Then I studied art history and my vision of the world changed. I discovered the power of light in the alignment of Newgrange with ancestors and Ramses’ temple with gods, in the incomparable Gothic cathedrals and their rainbow promise, in the dramatic Baroque and Caravaggio, in Vincent’s sunflowers and starry skies, in Picasso’s lone bulb.
Meanwhile, Krisanna arrived and my physical world changed :-). Early on I grasped the importance of light when she needed me during the night. Shortly thereafter, I revisited the magic of light to chase away monsters and embolden my Boo. More importantly, I understood the power of one teeninsy girlie girl to light up the world around her.
However, Krisanna’s diagnosis turned it all upside down … yet, despite the darkness that threatened to envelope us, we were mesmerized by her light that strengthened us to embrace hope. Hope is tricky. It’s always a choice. It means acknowledging the reality while believing in the odds. Krisanna understood the reality, but she chose to live in hope. In her final six months, when she knew the threat was greatest, she recognized hope in bright sunshine and her unshakable faith in Mr. God. By embracing those sources of light she rose above the many challenges that could have plunged her – and us – into the darkness. Instead, she showed us how to seize each day in the way we now refer to as living in yellow.
Recently another friend and I kneaded the idea of Krisanna’s light. Our conversations brought me to this meandering on this week of the the 105th 4th since Krisanna went to heaven.
When it became obvious Krisanna would spend her last days at St. Jude, the chaplain (her good friend, Lisa) brought in a tea light candle for her bedside (battery-operated, of course). I don't remember exactly what she said to Krisanna (who was asleep at the time ... in that slipping in and out of coma/last few days kind of sleep), but I remember the immediate comfort I felt when she said Krisanna’s name as she turned on the light and placed it on the bedside table. Days later, when Krisanna had taken her last breath, I asked if I could keep the candle - a precious transition relic. I lit that candle in the hotel room that night, in the car on the drive home, in our home as soon as we entered, in the new house when we moved in, each holiday, and so many other times when I wanted to feel her presence. One day it wouldn't turn on. Reluctantly, I replaced the batteries knowing it wouldn't be the same light if it had a different power source. Well, it sure wouldn't! The light wouldn't come on! I even tried brand new, straight-from-the-store batteries to no avail. I was so sad. Yet, I couldn't bring myself to discard or dispose of the candle. Instead it has perched on my dresser, basically untouched, in the same place for at least 7 years.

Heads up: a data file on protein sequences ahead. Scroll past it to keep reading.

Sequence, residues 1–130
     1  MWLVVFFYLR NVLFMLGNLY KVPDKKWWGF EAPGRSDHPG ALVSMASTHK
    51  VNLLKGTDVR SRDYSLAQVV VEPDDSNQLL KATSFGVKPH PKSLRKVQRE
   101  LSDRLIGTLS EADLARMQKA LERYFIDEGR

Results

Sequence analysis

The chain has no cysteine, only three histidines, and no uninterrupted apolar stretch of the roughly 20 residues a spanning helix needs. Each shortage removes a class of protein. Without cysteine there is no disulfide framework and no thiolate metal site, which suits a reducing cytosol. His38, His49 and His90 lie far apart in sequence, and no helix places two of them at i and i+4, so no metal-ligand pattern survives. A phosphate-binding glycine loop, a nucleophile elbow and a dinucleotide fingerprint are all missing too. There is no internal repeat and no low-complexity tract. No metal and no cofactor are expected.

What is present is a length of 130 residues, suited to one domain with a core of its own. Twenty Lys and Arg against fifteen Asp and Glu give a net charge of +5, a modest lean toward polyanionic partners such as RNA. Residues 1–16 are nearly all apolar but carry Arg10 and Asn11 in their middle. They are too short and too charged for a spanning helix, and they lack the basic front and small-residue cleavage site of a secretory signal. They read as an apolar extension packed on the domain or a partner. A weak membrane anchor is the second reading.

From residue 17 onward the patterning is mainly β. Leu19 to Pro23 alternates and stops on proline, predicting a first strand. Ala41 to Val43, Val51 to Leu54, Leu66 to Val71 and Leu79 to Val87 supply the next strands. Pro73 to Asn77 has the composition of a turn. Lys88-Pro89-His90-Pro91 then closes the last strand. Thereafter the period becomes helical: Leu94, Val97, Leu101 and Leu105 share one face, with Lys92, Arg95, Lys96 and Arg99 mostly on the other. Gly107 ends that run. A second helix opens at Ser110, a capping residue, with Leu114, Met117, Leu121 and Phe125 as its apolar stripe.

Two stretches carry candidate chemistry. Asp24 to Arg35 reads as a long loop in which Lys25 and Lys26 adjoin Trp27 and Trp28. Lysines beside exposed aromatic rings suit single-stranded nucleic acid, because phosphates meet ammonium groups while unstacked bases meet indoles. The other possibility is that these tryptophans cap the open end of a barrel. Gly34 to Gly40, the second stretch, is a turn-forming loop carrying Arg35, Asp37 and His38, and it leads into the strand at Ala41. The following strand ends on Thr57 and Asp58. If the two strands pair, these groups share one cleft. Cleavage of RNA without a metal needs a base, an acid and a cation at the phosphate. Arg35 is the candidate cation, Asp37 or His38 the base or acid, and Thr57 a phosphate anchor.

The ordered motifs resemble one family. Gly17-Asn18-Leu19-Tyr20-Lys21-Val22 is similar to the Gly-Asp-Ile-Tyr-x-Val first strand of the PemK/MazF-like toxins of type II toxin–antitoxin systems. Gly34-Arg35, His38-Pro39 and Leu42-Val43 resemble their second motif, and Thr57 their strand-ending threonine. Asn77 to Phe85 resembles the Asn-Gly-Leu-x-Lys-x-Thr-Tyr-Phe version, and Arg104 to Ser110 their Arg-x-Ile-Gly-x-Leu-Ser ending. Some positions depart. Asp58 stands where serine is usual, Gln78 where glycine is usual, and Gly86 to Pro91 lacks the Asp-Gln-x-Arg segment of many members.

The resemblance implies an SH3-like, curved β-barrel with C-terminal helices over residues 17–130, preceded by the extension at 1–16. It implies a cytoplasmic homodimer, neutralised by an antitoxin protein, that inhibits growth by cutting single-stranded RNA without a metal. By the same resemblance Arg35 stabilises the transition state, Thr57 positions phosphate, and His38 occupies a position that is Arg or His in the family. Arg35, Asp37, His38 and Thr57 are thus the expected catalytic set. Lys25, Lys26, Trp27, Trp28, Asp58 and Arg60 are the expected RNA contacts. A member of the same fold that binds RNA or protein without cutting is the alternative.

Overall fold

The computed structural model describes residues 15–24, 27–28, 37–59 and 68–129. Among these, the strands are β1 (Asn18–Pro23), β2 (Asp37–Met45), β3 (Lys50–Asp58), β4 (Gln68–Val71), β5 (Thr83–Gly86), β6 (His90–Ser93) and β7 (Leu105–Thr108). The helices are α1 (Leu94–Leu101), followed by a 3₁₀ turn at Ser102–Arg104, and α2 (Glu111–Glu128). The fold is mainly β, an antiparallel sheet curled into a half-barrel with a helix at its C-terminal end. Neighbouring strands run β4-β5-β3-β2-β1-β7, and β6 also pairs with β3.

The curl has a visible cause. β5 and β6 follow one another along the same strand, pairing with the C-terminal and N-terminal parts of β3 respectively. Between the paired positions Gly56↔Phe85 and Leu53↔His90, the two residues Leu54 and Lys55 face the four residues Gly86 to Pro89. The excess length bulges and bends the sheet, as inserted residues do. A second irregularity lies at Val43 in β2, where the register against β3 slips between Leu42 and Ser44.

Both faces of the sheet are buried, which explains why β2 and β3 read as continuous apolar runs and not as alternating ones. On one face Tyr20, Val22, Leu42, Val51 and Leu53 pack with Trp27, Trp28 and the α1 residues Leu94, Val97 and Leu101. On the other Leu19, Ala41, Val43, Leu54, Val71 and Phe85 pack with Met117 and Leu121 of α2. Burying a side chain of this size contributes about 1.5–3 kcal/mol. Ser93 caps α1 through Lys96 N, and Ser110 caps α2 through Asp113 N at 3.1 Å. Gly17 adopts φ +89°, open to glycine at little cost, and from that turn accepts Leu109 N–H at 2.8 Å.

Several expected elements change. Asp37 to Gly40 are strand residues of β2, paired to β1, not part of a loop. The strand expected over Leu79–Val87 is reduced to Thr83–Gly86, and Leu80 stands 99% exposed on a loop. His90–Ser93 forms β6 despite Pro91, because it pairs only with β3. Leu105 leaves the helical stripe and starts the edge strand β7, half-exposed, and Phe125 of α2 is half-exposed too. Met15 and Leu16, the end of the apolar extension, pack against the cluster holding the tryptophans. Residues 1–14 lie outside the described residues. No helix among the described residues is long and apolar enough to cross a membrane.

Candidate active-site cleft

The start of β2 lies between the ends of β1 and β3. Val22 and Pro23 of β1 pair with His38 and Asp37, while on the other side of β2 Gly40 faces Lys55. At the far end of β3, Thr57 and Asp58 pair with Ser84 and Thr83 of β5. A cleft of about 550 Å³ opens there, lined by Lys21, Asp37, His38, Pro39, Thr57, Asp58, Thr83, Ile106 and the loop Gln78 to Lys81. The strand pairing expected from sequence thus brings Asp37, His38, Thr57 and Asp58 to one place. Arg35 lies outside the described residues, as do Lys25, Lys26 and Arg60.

One morning this week I was running late for work largely due to time spent exploring ideas for Yellow Day this fall. Kicking myself for focusing too much on a future event, I reached for my curling iron, and I saw the light from the candle burning. At first I truly doubted my eyes! I ran to get my phone to snap a photo hoping it would still be on when I got back to the room. You can see it in the photo attached - just look past all the mess to the small golden yellow glow behind the necklaces.
I drove home from work that afternoon with joyful anticipation checked by protective reality: would the light still be shining? I headed straight to the bedroom and discovered the candle was no longer burning. So, I gently picked it up to take a close up snap of the holder (since it was expecting a stretch of anyone's imagination to really see the light in the photos I'd taken with my "really old" phone). As I placed it on the counter, the light flickered briefly! - so briefly I thought I imagined it. I discovered a fragile connection somewhere within the candle because if I jostle it just so, it will come on, but when I relieve the just-so pressure, it breaks the connection. Clearly, I shut the drawers of the dresser "just so" that morning making the light come on.
Now, many people will think I’m crazy. That’s okay. Here’s what I know in my heart: Krisanna’s light still shines for those who knew her, and it is my Momu job to keep her light of kindness and love and faith shining for others to see.
And here’s what I know for numbers peeps: 105 (the number of 4ths of the month since 11.4.2009) divided by 15 (the years K lived) = 7 – aka, the number of years that candle has sat on my dresser without flickering! That's a pretty powerful, "Hi Momu!"
Here’s to you, Girlie Girl, on this 4th with love and hugs and thanks for your continued bright yellow light!